The only way that you can be 100% sure that a system is not susceptible is by either having fixed hardware, OR by having absolute and total control of every piece of executable code on the system.

        Recompiling your authorized code is only a partial solution.

    5. Cristi_Neagu

      Re: Remembering Snowden...

      These bugs are not intentional. Not only are these companies very depended on how confident users are with their products, but engineering such a flaw inside a processor is overkill.

      I'm not saying government agencies had no clue about these bugs. Maybe they knew. But they certainly didn't create them.

  5. anonymous boring coward Silver badge

    Rushing fixes out usually is a cure that's worse than the problem.

    Any decent engineer knows this, so I wonder what numpties are in charge at Intel/MS? (That's a rhetorical question, as I think we all know that a having a suit trumps knowing anything.)

    1. Colin 29

      I don't know why anyone's having to 'rush' out fixes, they've known about these issues since the middle of last year!

      Coincidentally, we've just been given 2 days warning to implement changes relating to new EU card charge rules coming into affect tomorrow. Those rules were apparently announced the middle of last year too.

    2. Brian Miller

      It's also testing the fixes a while that's important. A fix gets implemented, runs under load for 24hrs, and gets approval. Unfortunately the problems arise on the customer machines running for 48hrs...

      Back in the day, I remember load testing Exchange server and finding bugs in NTFS. "How do you find so many bugs?" "Um, just using it a lot, nothing special."

  6. Blacklight


    Since putting the latest MS patches on my (Sandy Bridge based) PC, I've had two unexplained crashes - which is annoying when working remotely as while the Intel RST on my machine recovers correctly, it doesn't then reboot, so just sits waiting for someone to reset it. Maybe time invest a remote power switch....

    Also quite annoying as my Sandy Bridge (i7 2700K) DOES support PCID, but not, apparently INVPCID...

    So, on a Sandy Bridge i7 2700K (released Oct 2011 I believe) running Win 10 Pro, the results of "Get-SpeculationControlSettings" are:

    Speculation control settings for CVE-2017-5715 [branch target injection]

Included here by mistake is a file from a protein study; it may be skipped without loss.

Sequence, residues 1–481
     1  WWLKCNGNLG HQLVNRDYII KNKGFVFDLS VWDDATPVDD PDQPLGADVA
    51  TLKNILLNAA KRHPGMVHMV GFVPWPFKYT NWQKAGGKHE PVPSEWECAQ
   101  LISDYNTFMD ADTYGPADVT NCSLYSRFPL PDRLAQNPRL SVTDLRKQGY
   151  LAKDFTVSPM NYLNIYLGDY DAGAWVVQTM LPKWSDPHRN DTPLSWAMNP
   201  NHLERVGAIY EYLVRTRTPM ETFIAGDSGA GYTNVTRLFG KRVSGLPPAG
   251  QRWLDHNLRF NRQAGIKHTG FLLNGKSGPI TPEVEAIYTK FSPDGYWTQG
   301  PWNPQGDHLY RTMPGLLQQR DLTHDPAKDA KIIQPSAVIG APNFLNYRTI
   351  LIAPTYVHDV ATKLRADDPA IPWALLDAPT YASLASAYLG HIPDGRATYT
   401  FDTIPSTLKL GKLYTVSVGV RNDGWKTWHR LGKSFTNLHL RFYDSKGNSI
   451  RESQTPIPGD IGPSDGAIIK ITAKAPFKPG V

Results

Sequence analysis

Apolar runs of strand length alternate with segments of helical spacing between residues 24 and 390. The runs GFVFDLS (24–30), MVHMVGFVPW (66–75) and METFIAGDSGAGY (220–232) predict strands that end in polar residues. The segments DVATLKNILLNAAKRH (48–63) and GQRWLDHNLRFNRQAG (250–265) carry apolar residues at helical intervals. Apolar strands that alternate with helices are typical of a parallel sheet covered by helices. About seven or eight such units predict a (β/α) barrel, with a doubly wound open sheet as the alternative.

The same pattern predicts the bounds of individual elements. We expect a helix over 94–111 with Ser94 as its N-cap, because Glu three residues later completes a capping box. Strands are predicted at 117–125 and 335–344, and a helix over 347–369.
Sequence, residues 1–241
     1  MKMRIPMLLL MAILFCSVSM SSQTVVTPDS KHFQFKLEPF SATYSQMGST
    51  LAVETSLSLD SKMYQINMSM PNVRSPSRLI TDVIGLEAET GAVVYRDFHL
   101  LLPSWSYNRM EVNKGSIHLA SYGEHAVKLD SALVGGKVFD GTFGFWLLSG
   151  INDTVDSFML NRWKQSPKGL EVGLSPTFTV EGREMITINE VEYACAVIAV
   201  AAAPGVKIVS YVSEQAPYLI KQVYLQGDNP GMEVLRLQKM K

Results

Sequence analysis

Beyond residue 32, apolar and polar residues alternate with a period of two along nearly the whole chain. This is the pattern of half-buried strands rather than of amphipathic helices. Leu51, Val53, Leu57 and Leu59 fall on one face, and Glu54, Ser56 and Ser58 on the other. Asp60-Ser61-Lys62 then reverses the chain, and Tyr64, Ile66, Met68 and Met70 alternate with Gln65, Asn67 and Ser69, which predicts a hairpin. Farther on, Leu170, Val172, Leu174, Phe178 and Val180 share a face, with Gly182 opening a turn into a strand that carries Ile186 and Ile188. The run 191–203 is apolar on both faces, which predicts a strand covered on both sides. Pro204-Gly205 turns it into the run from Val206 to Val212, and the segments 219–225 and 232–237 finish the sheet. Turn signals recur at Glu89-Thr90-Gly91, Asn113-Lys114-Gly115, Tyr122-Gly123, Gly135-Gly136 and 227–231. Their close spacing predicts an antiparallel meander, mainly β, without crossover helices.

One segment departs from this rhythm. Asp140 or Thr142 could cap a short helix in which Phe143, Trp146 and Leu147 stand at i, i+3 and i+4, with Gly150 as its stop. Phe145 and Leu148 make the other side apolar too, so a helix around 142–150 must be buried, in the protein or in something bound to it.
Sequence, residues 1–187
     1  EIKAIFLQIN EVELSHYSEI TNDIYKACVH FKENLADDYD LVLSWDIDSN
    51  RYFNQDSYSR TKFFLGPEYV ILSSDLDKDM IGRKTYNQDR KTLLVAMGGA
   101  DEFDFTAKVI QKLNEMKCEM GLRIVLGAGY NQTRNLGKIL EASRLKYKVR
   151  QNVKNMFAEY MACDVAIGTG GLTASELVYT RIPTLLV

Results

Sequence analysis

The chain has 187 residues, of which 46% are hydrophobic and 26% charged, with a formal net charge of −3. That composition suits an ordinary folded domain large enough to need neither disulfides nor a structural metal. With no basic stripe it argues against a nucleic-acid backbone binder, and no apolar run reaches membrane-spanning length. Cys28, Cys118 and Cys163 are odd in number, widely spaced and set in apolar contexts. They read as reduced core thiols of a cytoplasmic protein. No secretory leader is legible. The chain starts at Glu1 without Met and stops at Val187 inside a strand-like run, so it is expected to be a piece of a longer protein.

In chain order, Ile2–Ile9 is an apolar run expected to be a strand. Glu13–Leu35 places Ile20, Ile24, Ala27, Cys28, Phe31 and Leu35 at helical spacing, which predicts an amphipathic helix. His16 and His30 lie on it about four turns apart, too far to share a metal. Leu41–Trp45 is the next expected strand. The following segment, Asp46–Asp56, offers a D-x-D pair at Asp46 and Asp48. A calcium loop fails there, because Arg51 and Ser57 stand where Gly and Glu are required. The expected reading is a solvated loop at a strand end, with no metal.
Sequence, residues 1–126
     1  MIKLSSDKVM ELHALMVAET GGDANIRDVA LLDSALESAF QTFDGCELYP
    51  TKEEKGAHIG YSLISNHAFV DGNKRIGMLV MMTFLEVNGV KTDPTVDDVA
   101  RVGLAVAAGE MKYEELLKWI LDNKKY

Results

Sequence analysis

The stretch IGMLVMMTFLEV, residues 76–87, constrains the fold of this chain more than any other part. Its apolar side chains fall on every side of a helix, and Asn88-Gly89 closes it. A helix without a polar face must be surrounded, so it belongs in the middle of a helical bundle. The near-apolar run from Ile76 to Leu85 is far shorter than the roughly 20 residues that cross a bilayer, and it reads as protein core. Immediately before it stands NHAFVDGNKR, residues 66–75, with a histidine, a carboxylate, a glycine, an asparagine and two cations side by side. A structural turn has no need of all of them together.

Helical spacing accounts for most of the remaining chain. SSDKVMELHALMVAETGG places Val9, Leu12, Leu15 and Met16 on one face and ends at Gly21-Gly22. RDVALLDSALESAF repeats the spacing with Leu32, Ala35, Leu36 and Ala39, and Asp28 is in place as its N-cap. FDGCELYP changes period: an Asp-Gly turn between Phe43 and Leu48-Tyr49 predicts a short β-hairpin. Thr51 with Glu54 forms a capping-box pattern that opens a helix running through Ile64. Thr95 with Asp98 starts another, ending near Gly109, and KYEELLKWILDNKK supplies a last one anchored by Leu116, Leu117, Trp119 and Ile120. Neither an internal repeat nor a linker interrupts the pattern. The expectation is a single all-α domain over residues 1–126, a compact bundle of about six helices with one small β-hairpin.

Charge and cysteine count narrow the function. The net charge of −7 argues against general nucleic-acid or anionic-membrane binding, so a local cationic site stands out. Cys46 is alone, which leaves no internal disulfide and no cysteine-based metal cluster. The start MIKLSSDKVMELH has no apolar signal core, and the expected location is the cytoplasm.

Hardware support for branch target injection mitigation is present: False

    Windows OS support for branch target injection mitigation is present: True

    Windows OS support for branch target injection mitigation is enabled: False

    Windows OS support for branch target injection mitigation is disabled by system policy: False

    Windows OS support for branch target injection mitigation is disabled by absence of hardware support: True

    Speculation control settings for CVE-2017-5754 [rogue data cache load]

    Hardware requires kernel VA shadowing: True

    Windows OS support for kernel VA shadow is present: True

    Windows OS support for kernel VA shadow is enabled: True

    Windows OS support for PCID performance optimization is enabled: False [not required for security]

    Suggested actions

    * Install BIOS/firmware update provided by your device OEM that enables hardware support for the branch target injection mitigation.

    BTIHardwarePresent : False

    BTIWindowsSupportPresent : True

    BTIWindowsSupportEnabled : False

    BTIDisabledBySystemPolicy : False

    BTIDisabledByNoHardwareSupport : True

    KVAShadowRequired : True

    KVAShadowWindowsSupportPresent : True

    KVAShadowWindowsSupportEnabled : True

    KVAShadowPcidEnabled : False

    1. John Stirling

      Re: Hmm.

      Since putting the latest MS patches on my (Sandy Bridge based) PC, I've had two unexplained crashes...

      ...good news! They're not unexplained anymore...

    2. James 47

      Re: Hmm.

      Hmm, since AWS updated their machines we're seeing unexplained lzop crashes on the Ubuntu AMIs

    3. s2bu

      Re: Hmm.

      Say “Sandy Bridge” just ONE more time!

  7. Marco van de Voort

    Intel, while you are at it.

    Please implement PCID (without INVPCID) for Ivy bridge, so that we don't get a double digit slowdown on ivy bridge

  8. hollymcr

    Oracle has patched its Linux

    "... but has told us it has “No comment/statement on this as of now” "

    Didn't they have time to read RedHat's release notes?

  9. ecofeco Silver badge

    I'm sure it's just a coincidence

    Any casual connection between this latest round of SNAFU and the preceding layoffs last year are purely coincidental, I'm sure.

    BTW, I have this lovely bridge for sale, gently used.

    1. Solmyr ibn Wali Barad

      Re: I'm sure it's just a coincidence

      Sandy bridge or ivy bridge?

  10. Anonymous Coward
    Anonymous Coward

    Product Recall Time

    If Intel go bankrupt with a recall of every recent Haswell, Broadwell and Sandy Bridge CPU (fabbing new ones to replace) they could restore credibility and this would be a great plan because they have royally f*cked this whole situation from start to finish and deserve to melt into a gigantic pool of molten slag. If my 4790 shows any instability whatsoever I will join a class action lawsuit if there is one in the UK. If I can't find a class action, I may issue a small claims court claim for a few grand chuck out a whole load of press releases to be bloody annoying and potentially embarassing.

  11. Andre_dutra_protiviti

    K/W impact - How much??

    This patch will definitely impact $$$, the question is how much in %?

    I can't find an info or partial study about it.

    More CPU power causes, increases temperature which both causes increases in energy consumption and a large bill to pay.

  12. Cristi_Neagu

    "Intel has said that if it needs to create a new fix, it will."

    Intel, you need to create a new fix.